Slow progressions or song suggestions etc, this depends so much on what sort of music you want to play because it's extremely important you enjoy yourself and like the music you're learning. Most artists and bands have songs that are beginner friendly. If your book suggests you learn some silly traditional/children's song you dislike - don't do it because they'll make you want to throw your guitar out the window. You can search this site for chords for song you like. Play them at your own tempo until you get better.
#5
Im new to this too and from what Ive been told (through learning at Justinguitar.com) is that you WILL get better learning chords by PRACTICING THEM. I see the improvement already speaking for myself.
"You're an individual and so are all of these guitars – it's really difficult for somebody else to tell you what's going to be right for you." - Revenge of the Naked Ape
#6
Some great advice above. You get the hang of a few of the common open chords and there is a lot you can play, not to mention enjoyable time relaxing and strumming chords and coming up with stuff.

I'd recommend starting by learning the easiest open chords first, and learning one that are easy to switch between. For example, switching between Am and C requires moving only one finger, so that is a good chord change to learn early on. Going from D to G is just a smidge harder but still fairly easy, so that would be a good change to tackle after you've got Am to C down. Build up the difficulty gradually.
#7
Hi guys,

This is the best online guitar lessons site imho. There are general lessons and note for note solos. Great teaching and a lot of free videos too. He has a lot of lessons just on chords. I bought a few lessons and they are GREAT, he really explains everything well. The site is

*********


Paul
#8
call me a cynic, but i'm always suspicious when someone who registered this month and who has 6 posts (all of which advertise the same site) claims to be someone who just bought some awesome new product.

*reported*
I'm an idiot and I accidentally clicked the "Remove all subscriptions" button. If it seems like I'm ignoring you, I'm not, I'm just no longer subscribed to the thread. If you quote me or do the @user thing at me, hopefully it'll notify me through my notifications and I'll get back to you.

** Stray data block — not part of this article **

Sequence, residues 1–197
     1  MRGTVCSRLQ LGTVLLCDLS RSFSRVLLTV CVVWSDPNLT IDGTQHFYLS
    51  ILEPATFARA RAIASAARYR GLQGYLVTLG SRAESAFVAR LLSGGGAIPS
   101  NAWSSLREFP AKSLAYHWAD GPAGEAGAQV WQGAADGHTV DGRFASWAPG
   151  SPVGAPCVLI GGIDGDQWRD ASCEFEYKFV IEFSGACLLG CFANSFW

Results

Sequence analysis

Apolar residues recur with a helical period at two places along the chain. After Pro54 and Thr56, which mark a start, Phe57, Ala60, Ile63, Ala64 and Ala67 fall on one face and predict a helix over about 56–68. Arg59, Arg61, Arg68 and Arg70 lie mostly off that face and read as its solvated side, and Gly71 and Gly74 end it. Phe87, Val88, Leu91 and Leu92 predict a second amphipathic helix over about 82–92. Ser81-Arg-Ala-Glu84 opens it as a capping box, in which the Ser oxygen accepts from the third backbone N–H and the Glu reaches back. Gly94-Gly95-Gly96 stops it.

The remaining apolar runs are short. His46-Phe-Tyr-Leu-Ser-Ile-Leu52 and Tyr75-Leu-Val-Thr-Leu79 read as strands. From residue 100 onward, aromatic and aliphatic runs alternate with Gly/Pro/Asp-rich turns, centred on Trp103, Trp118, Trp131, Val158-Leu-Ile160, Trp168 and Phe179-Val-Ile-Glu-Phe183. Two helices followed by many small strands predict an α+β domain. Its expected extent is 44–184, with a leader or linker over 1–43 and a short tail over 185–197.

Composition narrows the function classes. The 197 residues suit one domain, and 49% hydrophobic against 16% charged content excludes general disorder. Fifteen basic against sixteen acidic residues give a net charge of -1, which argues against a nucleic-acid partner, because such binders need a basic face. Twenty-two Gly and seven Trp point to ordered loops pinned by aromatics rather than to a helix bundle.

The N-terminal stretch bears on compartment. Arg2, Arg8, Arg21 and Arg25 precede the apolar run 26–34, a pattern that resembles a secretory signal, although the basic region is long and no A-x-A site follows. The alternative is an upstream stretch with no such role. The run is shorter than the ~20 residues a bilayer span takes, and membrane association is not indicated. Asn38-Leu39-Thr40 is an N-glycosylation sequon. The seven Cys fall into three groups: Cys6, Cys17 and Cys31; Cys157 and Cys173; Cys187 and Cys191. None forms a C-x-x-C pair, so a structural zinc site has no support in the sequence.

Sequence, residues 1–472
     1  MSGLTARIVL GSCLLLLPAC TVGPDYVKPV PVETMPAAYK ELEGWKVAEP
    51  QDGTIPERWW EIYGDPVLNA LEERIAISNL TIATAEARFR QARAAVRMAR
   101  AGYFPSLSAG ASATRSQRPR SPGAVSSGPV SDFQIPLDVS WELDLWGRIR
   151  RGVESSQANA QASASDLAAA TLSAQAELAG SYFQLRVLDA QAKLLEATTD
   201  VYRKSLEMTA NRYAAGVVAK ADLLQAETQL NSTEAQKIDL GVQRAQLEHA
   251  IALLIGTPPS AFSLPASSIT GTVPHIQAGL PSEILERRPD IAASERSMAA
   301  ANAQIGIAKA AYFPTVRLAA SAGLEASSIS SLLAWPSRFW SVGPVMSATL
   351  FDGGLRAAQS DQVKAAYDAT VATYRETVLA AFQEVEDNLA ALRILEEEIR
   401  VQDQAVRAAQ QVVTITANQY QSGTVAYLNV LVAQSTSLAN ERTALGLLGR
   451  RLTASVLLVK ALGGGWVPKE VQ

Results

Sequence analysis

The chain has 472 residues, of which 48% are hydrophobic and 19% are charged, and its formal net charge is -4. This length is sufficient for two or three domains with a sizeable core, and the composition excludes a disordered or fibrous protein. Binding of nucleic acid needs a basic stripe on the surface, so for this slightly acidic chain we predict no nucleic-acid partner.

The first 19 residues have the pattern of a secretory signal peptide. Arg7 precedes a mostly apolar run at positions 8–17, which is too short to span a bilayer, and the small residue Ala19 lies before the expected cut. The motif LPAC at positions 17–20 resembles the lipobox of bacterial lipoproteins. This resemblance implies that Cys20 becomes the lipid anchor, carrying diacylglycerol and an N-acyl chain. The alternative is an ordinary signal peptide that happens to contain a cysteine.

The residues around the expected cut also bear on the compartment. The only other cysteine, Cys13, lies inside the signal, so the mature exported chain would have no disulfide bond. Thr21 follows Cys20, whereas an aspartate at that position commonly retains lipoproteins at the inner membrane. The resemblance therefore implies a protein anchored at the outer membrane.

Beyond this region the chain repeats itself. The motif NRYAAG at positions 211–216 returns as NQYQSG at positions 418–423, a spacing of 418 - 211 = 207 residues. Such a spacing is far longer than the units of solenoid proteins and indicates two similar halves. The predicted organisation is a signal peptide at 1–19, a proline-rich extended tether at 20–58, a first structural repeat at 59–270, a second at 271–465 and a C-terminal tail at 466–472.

Quote by K33nbl4d3
I'll have to put the Classic T models on my to-try list. Shame the finish options there are Anachronism Gold, Nuclear Waste and Aged Clown, because in principle the plaintop is right up my alley.

Quote by K33nbl4d3
Presumably because the CCF (Combined Corksniffing Forces) of MLP and Gibson forums would rise up against them, plunging the land into war.

Quote by T00DEEPBLUE
Et tu, br00tz?
#9
I second practicing the 12 bar blues. You'd be surprised how often those chords will find their way into other music. Also, learn your basic E and A formation bar chords up and down the neck (E barred at the first fret is F; A barred at the third fret is C; etc.). An awesome song that helped me greatly was Hey Joe, by Jimi Hendrix. It uses:

1. C (A chord barred at third fret)
2. G (E chord barred at third fret)
3. D (A chord barred at fifth fret)
4. A (E chord barred at fifth fret)
5. E (played normally, or A chord barred at seventh fret)

Learn to play it both with the regular chords and the bar chords. Then learn to mix and match. I won't explain the theory behind why learning this will help, but it will help down the road. Or at least, this really helped me. I know that if you're just starting, it probably sounds overwhelming. Practice, practice, practice, so the chords become muscle memory. Go as slow as you need to in order to get the rhythm right. Then gradually speed it up as you get more comfortable. Changing chords are tough for everybody at the beginning, and there are no secret shortcuts. Just know that it'll come, even if it feels like it is taking a really long time.

Finally, if I could start over again, I would have started singing early on, while the whole thing felt awkward anyway. Now I can play a mean guitar, but I can't sing while I play, so I'm going back and retracing my steps in order to do them both at the same time.